The end of the year is always a bit crazy, but that didn’t keep me from my nightly reading. Happy New Year, everyone!
The Girl Who Played with Fire by Stieg Larsson
Three-live review: This multi-tiered, complicated thriller is the second book in the Millennium Series and is just as intense as its predecessor, The Girl with the Dragon Tattoo. In this book, Lisbeth Salander is tangled in a murder mystery that involves the sex trafficking industry in Sweden, a deep-seeded industry tucked away by the country’s government that is about to be revealed by a researcher and author commissioned by Millennium Magazine, where Mikael Blomkvist works. Once again, Larsson manages to delicately juggle several intertwined story lines while developing robust characters, engaging dialogue and intrigue that kept my interest to the very last sentence.
I listened to the audio version of this book so was unable to mark my favorite passages.
The Curious Incident of the Dog in the Night-Time by Mark Haddon
Three-line review: Many readers harshly criticized this book told from the viewpoint of an autistic boy, but I was completely engrossed in the novel and read the whole thing in just a couple days. The story follows the boy’s attempt to solve the mystery of a murdered dog and what ensues after he finds out who the killer is, and while the mystery is not the main point of the story, the underlying attempt to imagine the scenario from his viewpoint is fascinating. I found myself feeling concerned and anxious for the main character, and even flipped to the end of the book early just to find out how everything would wrap up (something I rarely do).
Prime numbers are what is left when you have taken all the patterns away. I think prime numbers are like life. They are very logical but you could never work out the rules, even if you spent all your time thinking about them.
On the fifth day, which was a Sunday, it rained very hard. I like it when it rains hard. It sounds like white noise everywhere, which is like silence but not empty.
The Little Gardener by Emily Hughes
Three-line review: This picture book is about an itty-bitty gardener who has problems getting his garden to grow, which affects his health and happiness. Luckily, some larger-than-life creatures (read: humans) help him tend to the foliage, and everything is better by the end of the book. The story line is a bit weak, but I love the bold illustrations, and I’m especially fond of the gardener’s pet worm.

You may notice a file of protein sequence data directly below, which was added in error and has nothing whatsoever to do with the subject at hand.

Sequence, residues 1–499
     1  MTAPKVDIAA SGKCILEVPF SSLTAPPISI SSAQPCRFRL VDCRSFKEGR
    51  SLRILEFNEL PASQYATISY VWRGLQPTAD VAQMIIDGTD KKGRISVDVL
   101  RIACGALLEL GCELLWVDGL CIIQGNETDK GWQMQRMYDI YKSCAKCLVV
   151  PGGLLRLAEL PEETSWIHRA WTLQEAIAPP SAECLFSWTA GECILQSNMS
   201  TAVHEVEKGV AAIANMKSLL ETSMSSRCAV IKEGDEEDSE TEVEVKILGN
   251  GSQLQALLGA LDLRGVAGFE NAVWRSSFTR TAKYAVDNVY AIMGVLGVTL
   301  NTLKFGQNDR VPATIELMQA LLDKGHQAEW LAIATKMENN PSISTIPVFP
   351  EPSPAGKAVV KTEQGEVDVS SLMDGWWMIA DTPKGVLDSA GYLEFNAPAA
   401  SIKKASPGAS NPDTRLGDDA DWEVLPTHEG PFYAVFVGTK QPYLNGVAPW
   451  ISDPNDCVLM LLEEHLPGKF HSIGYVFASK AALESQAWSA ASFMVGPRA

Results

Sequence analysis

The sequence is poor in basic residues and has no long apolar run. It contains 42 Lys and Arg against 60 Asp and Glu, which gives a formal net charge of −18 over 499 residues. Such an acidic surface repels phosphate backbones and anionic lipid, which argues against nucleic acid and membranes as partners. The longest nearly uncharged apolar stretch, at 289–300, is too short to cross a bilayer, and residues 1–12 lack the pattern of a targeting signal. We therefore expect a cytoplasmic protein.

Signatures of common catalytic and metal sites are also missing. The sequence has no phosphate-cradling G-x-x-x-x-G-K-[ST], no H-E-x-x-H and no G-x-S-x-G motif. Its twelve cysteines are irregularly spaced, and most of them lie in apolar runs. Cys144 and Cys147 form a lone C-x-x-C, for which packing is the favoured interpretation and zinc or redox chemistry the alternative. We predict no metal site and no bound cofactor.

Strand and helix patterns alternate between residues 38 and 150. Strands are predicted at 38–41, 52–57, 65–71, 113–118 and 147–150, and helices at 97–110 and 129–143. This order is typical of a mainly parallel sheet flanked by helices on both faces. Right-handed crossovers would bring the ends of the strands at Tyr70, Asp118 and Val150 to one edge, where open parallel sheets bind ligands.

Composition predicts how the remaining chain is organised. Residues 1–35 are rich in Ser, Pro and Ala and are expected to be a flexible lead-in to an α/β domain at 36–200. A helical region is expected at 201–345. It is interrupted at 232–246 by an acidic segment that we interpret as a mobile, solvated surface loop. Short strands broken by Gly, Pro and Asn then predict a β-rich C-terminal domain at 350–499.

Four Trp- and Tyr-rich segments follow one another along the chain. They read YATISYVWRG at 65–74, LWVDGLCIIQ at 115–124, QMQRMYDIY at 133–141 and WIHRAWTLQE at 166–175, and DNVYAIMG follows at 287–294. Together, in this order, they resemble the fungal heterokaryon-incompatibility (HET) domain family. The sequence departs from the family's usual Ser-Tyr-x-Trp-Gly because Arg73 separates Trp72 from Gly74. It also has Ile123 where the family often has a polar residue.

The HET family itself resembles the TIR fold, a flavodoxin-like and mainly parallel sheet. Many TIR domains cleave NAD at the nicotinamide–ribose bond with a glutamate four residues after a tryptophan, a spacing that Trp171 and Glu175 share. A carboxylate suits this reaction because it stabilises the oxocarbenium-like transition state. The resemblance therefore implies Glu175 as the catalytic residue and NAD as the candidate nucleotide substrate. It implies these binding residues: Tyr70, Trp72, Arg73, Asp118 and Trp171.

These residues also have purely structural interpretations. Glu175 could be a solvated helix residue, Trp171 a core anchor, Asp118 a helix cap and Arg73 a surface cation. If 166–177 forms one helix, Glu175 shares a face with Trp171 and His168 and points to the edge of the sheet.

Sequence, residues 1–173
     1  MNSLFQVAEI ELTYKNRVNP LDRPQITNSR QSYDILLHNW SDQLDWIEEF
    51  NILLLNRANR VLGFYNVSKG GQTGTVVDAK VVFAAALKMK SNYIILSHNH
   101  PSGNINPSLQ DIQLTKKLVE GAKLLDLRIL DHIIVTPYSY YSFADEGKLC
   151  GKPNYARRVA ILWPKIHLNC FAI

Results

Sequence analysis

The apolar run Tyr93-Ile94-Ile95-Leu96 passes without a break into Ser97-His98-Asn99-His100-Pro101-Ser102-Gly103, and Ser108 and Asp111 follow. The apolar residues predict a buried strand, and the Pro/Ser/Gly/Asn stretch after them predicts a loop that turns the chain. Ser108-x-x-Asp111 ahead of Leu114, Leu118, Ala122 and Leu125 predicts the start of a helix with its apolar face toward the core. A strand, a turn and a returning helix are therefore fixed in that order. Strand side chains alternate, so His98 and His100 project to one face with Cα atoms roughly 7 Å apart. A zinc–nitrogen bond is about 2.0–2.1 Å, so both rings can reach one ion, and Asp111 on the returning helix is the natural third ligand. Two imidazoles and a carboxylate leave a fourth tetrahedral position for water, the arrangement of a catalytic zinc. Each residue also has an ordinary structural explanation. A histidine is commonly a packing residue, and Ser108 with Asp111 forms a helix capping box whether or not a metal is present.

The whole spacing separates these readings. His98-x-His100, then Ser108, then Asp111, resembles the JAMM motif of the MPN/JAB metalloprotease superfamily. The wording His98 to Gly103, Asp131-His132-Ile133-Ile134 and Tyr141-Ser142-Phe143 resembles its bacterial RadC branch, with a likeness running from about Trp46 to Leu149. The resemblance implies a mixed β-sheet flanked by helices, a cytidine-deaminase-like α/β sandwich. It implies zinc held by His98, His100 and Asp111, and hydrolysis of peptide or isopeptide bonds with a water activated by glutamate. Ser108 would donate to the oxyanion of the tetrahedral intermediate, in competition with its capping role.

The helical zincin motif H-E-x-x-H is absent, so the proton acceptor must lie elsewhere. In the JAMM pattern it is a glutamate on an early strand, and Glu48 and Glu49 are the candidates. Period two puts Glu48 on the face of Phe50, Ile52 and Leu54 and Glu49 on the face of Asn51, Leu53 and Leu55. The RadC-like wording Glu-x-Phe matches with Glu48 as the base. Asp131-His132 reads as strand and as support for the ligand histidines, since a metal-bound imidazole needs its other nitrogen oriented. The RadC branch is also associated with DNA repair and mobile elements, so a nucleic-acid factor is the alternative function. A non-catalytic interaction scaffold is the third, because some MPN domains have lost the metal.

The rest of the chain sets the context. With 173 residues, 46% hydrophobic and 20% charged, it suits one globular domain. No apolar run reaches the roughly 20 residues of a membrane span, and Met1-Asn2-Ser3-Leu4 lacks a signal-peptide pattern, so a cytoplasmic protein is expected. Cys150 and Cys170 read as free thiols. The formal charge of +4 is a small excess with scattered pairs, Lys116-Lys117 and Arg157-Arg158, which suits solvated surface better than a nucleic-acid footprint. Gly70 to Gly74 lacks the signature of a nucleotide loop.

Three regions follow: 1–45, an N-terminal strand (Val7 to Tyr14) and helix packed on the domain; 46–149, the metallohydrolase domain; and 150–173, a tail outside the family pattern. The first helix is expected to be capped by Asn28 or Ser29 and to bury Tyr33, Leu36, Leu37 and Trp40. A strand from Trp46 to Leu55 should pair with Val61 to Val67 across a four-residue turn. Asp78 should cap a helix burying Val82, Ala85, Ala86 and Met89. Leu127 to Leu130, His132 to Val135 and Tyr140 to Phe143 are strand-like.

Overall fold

Matchless by Gregory Maguire
Three-line review: In this retelling of the Hans Christian Andersen classic, The Little Match Girl, a little boy escapes his miserable life by creating an idyllic village made of garbage in his family’s attic. The little match girl and boys’ lives become inextricably linked when she dies in the cold and her family becomes his, all hinging on one small match that can provide heat and light in an otherwise long and chilly existence. Admittedly, I’m not a fan of Gregory Maguire, and though I enjoyed the illustrations in this three-part, readable book, I was not a big fan of the text.
Sidewalk Flowers by JonArno Lawson and Sydney Smith
Three-line review: This wordless picture book is one of the best I’ve “read” this year. With splashes of color amid the black-and-white frames, this story follows a walk taken by a little girl and her father. As they walk, he chats on his cell phone, and she spots flowers growing in random places in the city, which she picks up and then leaves behind as a symbol of happiness, simplicity and peace in an otherwise hurried world.
Magical Thinking: True Stories by Augusten Burroughs
Three-line review: Magical Thinking is a series of short autobiographical stories about sex, employment, travel and life in New York City from the award-winning author of Running with Scissors. This was the first time I’d read anything by Burroughs, and I can’t decide if he is clinically insane or legitimately brilliant. I laughed out loud, I rolled my eyes, I read passages to my husband and I thoroughly enjoyed this book, even while I felt like maybe I shouldn’t.
In my world there were boys and there were girls and that was it. And here’s this girl who used to be a boy. My whole idea of what was possible in life expanded.
He lived remarkably in the moment, laughed easily. Being with him was like putting your mouth on the lip of a juicer dish while the oranges were being mashed.
That’s exactly what I would do if I were Amish. I’ve been through Kansas, Iowa, Wisconsin, and I can tell you, it’s the perfect place to live off the land and avoid zippers.